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Egyptian Aid and What it Says about America

Due in part to its geopolitical importance, Egypt has been the recipient of American military and economic aid since the beginning of the Mubarak regime in the 1980s.  The various American administrations, be they Democrat or Republican, have recognized the fact that a stable Egypt is crucial to the protection of American interests in the Middle East.  As with other instances of American intervention in the developing world, the desire to keep Egypt stable has been achieved at the cost of having democratically elected leaders. It should come as no surprise that Obama has decided to send billions of dollars in aid, and Congress’ ongoing reevaluation of the annual American aid package will most likely not result in drastic changes.  When push comes to revolutionary shove, the American government will prioritize the protection of its interests over its democratic ideals.

The aid package does come with stipulations: these are tied to the protection of human rights and civil liberties, and are in place to ensure the honouring of the Camp David agreement.  However, it is clear that the US is looking past several inconvenient truths regarding the new Egyptian order.  Most obvious is the fact that, when it comes to protecting the interests of the people, the Egyptian army may not be the best institution for the job.

Historically, there has been tension in Egypt between the secularist ruling elite (ie, the military and judiciary), and the populist, Islamist majority which has been behind much of the revolutionary activity that occurred during the Arab Spring.  As is common in the Middle East, this tension and its accompanying conflicts resulted in the transition from a repressive regime under Mubarak, to an illiberal ideological democracy led by Morsi and the Muslim Brotherhood.  Now, Egypt is facing another transformation, and it is less clear which form it will take.

The military’s plans for a reformed Constitution and fair elections are encouraging, while its other actions are less so: the persecution of prominent members of the Muslim Brotherhood, the shutting down of any “threatening” media, and of course the mass murder of 50 Morsi supporters during a demonstration on July 8.  During the uprising, the interests of the army happened to align with those of the people.

The economic, social, and political state of Egypt had decreased dramatically under Morsi, and this gave rise to widespread political unrest that was easily exploited by those who had an interest in doing so.  While the Morsi regime was undeniably undemocratic, the army attained popularity by citing the will of the people, and went on to stage a military coup that has already resulted in violence.  As we have seen, the will of the people is volatile at best, and explosive at worst; it will not always cohere with the new government’s vision of the Egyptian state.  What is today a manifestation of freedom of expression, might tomorrow be a crackdown on dissidents.  From an outside perspective, Egypt has gone from the frying pan into the fire.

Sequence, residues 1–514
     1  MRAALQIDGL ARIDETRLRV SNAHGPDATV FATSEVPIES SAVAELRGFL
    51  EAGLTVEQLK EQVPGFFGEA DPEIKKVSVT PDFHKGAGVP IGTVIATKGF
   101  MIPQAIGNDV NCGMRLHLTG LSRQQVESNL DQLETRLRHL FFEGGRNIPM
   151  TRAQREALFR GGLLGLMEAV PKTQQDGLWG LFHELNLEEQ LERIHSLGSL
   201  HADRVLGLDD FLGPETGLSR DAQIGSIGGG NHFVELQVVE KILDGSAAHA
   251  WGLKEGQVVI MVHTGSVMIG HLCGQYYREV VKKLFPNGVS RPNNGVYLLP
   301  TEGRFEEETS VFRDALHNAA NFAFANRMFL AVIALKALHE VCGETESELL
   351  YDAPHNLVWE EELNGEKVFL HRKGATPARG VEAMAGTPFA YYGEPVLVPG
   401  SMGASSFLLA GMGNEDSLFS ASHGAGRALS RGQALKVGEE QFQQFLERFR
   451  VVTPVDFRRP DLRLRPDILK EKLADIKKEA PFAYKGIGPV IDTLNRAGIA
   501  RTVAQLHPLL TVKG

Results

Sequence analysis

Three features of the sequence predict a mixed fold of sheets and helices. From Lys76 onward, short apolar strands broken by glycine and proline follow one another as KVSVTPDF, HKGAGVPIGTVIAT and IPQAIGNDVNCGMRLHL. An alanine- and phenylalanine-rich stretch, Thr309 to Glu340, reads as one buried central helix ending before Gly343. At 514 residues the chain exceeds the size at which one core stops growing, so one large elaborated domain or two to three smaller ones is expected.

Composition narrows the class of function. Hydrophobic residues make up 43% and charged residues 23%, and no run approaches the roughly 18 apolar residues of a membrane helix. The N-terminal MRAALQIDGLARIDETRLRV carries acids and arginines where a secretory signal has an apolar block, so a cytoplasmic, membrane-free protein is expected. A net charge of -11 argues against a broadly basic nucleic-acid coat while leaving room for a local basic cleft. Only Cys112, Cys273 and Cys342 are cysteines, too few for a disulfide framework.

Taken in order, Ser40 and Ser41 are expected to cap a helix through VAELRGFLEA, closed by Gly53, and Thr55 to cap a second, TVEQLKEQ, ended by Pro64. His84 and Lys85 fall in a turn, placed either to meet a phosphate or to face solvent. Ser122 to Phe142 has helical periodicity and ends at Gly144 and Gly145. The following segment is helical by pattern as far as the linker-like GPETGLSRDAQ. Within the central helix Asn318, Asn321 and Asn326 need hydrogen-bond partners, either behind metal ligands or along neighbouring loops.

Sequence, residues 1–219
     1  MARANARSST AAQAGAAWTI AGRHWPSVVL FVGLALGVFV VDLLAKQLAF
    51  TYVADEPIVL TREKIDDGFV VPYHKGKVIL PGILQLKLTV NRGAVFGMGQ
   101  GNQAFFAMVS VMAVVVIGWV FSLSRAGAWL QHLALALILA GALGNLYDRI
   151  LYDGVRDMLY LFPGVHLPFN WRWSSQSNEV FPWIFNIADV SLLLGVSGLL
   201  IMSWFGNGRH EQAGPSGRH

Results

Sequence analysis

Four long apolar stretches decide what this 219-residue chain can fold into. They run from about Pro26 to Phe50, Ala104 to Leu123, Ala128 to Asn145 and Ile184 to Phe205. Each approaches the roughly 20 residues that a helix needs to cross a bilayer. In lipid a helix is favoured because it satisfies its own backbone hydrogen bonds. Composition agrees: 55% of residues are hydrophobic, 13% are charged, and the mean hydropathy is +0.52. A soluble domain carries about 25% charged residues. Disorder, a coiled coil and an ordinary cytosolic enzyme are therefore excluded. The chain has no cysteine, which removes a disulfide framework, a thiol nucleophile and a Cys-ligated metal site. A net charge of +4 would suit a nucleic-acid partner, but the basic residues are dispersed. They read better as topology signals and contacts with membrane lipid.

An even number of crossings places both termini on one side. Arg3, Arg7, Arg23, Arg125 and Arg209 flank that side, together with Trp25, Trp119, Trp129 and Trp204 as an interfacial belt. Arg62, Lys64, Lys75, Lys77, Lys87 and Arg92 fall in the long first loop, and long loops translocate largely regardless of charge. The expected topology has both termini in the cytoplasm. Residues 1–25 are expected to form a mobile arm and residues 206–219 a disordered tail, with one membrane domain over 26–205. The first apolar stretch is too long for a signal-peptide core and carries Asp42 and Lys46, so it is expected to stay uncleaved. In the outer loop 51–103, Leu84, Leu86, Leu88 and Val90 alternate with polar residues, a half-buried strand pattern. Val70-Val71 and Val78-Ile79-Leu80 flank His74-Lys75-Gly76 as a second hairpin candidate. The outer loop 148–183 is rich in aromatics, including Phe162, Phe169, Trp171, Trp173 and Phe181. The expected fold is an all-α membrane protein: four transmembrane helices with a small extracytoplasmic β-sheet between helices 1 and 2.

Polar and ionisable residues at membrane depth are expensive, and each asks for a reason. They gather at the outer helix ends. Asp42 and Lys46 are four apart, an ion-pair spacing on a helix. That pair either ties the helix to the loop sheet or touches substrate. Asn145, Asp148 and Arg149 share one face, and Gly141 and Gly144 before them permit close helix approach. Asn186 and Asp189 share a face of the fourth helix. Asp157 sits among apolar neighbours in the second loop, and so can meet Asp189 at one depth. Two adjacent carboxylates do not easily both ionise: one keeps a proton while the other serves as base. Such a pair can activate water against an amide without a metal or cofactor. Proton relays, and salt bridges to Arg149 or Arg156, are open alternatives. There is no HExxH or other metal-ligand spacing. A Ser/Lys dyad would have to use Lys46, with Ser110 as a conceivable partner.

The prospect of military aid, then, has become more pressing.  Following Obama’s failure to address the shortcomings of the Morsi government, the international community is looking for a sign that will define his position on the legitimacy of the new government. Egyptians themselves, who have demonized US ambassador Anne Patterson, and who consider the Americans to be the ally of an oppressive Islamist regime, will also be paying close attention in the coming days.

What Obama should have done, and what he still has the opportunity to do, is send a definitive signal that the US does not support any kind of military coup; no matter how repressive the previous government might have been.  Two wrongs do not and will never make a right.  The new military government can never be considered legitimate because of the violent way it was brought about; this is why laws exist which prevent American aid being sent to nations that have undergone a coup d’état.  The billion-dollar aid package that has been sent off to Cairo is thus an indication of waning American willpower, and its lack of commitment to its democratic ideals.

To cut the funding would have been a perfect way to legitimize Obama’s “Leading from Behind” doctrine.  It would have been an excellent illustration of the notion of nonviolent action in the name of democracy; but instead, Obama has decided to uphold the status quo.  This, coupled with the American citizens who were not allowed to leave Egypt before the delivery of the aid money, exposes the weakness of the US government in the face of the Arab Summer.  Not to mention, the American dollars which fund the Egyptian army will now be linked with its government, for better or for worse.

The appeasement of a volatile force has never led to anything other than a growth in conflict and a widespread pattern of regional instability.  Rather than legitimizing “Leading from Behind” and turning it into a viable foreign policy tool, the Obama administration has ratified the watered down version of realpolitik that has become the new norm for the United States.

-Katherine McNamara


Featured photo:AttributionNoncommercialShare AlikeRubin 110, Creative Commons, Flickr

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